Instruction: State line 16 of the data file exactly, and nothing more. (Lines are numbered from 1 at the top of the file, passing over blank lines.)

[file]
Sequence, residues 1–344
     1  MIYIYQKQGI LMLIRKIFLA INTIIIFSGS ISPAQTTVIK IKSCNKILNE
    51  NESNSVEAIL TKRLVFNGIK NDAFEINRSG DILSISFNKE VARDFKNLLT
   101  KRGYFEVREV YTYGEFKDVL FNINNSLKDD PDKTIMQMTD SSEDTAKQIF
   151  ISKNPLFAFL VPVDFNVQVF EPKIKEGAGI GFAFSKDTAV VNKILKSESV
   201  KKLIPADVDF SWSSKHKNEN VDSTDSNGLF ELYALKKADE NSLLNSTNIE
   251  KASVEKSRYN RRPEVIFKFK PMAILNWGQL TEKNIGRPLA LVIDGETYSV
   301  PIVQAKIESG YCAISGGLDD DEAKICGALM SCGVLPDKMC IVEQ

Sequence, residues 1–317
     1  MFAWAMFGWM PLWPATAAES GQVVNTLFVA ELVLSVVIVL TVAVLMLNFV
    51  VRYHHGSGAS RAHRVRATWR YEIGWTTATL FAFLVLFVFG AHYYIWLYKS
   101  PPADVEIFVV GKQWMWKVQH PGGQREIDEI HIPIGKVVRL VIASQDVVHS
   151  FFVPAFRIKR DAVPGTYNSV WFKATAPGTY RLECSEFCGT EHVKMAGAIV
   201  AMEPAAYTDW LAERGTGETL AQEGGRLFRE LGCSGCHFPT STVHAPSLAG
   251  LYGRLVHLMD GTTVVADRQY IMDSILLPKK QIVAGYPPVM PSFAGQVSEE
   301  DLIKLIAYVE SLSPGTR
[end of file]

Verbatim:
   301  DLIKLIAYVE SLSPGTR